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SS1: CHEMISTRY - 1ST TERM

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  1. Introduction to Chemistry and Laboratory Apparatus | Week 1
    5Topics
    |
    1 Quiz
  2. Nature of Matter | Week 2
    3Topics
    |
    1 Quiz
  3. Separation Techniques I | Week 3
    1Topic
    |
    1 Quiz
  4. Separation Techniques II | Week 4
    5Topics
    |
    1 Quiz
  5. Particulate Nature of Matter I | Week 5
    5Topics
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    1 Quiz
  6. Particulate Nature of Matter II | Week 6
    9Topics
    |
    1 Quiz
  7. Symbols, Formulae & Oxidation Number | Week 7
    7Topics
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    1 Quiz
  8. Laws of Chemical Combination | Week 8
    4Topics
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    1 Quiz
  9. Chemical Equation & Chemical Combination (Chemical Bonding) I | Week 9
    4Topics
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    1 Quiz
  10. Chemical Combination (Chemical Bonding) II | Week 10
    4Topics
    |
    1 Quiz
  11. Chemical Combination (Chemical Bonding) III & Shapes of Covalent Molecules | Week 11
    3Topics
    |
    1 Quiz
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In co-ordinate covalent bonding, electrons are still shared but it is only one of the participating atoms that donate the pair of electrons to be shared. Such a pair of electrons is called the Lone pair.

Co-ordinate covalent bonding occurs between an atom that has a Lone-pair (unshared pair) of electrons in the outer shell and another atom that has an empty valence orbital and requires one pair of electrons to complete an octet or duplet structure.

The atom that contributes the pair of electrons to be shared is known as donor-atom, while the other is the acceptor atom.

Examples:

Formation of Ammonium ion (NH4+)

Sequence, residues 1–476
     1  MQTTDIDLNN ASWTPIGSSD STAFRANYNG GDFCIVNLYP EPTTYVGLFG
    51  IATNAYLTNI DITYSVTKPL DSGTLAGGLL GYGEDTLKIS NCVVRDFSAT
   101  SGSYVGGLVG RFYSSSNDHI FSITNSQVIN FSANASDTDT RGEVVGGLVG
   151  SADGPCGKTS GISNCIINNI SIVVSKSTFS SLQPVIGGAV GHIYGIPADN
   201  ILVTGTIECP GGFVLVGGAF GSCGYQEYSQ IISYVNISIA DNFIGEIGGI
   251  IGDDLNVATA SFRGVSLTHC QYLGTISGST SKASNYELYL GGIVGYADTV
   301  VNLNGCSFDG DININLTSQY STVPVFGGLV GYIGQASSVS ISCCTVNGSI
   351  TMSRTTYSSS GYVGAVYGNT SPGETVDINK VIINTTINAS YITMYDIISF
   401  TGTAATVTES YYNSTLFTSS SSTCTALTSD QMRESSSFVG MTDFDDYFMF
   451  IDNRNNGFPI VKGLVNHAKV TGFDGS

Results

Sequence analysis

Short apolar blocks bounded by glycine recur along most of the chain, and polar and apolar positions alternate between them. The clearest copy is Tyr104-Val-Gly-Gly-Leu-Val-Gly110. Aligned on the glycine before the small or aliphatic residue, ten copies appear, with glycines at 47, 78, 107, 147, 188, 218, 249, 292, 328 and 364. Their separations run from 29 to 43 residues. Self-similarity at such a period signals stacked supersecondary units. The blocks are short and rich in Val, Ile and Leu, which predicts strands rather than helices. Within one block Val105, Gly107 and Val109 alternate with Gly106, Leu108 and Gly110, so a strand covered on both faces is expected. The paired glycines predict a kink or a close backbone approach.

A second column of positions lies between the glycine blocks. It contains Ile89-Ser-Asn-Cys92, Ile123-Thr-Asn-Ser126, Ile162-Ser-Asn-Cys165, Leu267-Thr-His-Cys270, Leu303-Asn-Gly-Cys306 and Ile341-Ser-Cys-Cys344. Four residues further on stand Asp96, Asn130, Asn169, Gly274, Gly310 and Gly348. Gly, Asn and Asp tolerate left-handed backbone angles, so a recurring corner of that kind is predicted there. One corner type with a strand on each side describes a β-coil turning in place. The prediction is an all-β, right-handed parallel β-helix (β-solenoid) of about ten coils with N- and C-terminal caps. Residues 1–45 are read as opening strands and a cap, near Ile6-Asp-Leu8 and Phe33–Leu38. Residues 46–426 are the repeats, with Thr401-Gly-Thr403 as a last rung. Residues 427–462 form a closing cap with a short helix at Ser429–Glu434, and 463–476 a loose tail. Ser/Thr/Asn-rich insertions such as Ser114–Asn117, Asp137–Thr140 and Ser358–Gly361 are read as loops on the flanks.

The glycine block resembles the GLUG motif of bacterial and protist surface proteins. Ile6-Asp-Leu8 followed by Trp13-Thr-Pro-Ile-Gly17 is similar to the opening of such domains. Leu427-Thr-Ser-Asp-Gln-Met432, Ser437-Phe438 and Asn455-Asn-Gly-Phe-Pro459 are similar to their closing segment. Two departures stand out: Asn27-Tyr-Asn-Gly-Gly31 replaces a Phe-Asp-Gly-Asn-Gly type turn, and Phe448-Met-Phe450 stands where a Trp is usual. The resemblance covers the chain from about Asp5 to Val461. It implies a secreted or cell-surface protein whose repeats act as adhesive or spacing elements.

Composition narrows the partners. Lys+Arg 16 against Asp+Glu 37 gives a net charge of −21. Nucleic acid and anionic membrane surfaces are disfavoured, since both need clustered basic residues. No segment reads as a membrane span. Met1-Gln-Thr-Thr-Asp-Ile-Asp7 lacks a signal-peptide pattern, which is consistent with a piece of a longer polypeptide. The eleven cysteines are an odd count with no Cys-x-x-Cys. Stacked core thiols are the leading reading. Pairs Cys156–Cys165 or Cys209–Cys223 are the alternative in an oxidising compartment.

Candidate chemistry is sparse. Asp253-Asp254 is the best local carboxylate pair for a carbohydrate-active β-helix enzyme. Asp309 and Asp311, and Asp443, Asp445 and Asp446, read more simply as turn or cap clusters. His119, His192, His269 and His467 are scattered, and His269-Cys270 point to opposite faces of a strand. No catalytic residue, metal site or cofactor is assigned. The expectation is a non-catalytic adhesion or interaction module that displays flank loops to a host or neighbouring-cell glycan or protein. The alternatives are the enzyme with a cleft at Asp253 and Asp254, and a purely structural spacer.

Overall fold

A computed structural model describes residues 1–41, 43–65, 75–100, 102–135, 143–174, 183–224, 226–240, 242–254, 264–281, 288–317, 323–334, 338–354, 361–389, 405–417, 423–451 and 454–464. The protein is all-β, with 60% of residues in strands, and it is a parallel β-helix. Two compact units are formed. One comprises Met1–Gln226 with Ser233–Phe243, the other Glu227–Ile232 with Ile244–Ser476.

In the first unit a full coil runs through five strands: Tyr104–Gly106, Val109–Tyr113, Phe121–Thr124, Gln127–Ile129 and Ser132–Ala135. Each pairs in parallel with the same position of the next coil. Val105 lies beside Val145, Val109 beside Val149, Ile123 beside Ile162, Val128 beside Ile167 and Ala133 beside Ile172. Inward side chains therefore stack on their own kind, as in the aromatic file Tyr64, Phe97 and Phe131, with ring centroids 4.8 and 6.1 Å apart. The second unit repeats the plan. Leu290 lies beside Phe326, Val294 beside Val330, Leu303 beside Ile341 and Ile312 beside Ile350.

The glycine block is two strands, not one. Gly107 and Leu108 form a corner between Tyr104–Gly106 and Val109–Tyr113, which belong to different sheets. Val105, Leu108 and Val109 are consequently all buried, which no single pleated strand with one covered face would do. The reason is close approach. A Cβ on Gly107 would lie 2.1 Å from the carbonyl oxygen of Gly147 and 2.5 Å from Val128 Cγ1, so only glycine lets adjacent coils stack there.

Screen Shot 2021 01 17 at 2.30.35 PM Easy Resize.com
Screen Shot 2021 01 17 at 2.30.57 PM Easy Resize.com

Ammonia and water molecule possess Lone pair and they can enter into a co-ordinate covalent bonding. When Ammonia (NH3) reacts with Hydrochloric Acid (HCl) the H+ from HCl accepts a Lone pair of electrons from Ammonia (NH3) to form a co-ordinate covalent bond. The H+ will attain a stable duplet structure of helium while the Nitrogen atom of the ammonia will also be stable.

Formation of Hydroxonium Ion or Oxonium Ion (H2O+)

Covalent bonding

Examples of Compounds that Exhibit Co-ordinate Covalent Bond:

NH3Cl – Ammonium Chloride or

NH4+  – Ammonium ion

H3O+    – Hydroxonium ion or oxonium ion

[CU(NH3)4]2+      – Tetrammine copper (II) ion

[Ag(NH3)2]        – Silver diammine ion

Properties of Co-ordinate Covalent Compounds

Covalent and co-ordinate covalent compounds have similar properties but co-ordinate covalent compounds are less volatile than covalent compounds

Theory Questions

1. (a) State four differences between Electrovalent and Covalent Compounds

(b) State the type of bonding formed in the following 

(i) Carbon(IV) Oxide 

(ii) Oxonium ion 

(iii) Calcium Chloride

View Answer

2. The Electronic configuration for the metal Calcium, the non-metals Silicon, and Chloride can be represented as 

Ca – 2, 8, 8, 2

Si – 2, 8,4

Cl – 2, 8,7

Explain in terms of electrons, the formation of Calcium Chloride and Silicon Chloride.

Give two differences in physical properties you would expect between Calcium Chloride and Silicon Chloride

View Answer

3. (a) Write down the electronic configuration of the Elements Q, R, and S, whose atomic numbers are as follows

ElementAtomic Number
Q8
R12
S19

(b) Draw the diagrammatic representation of the compound formed between Q and R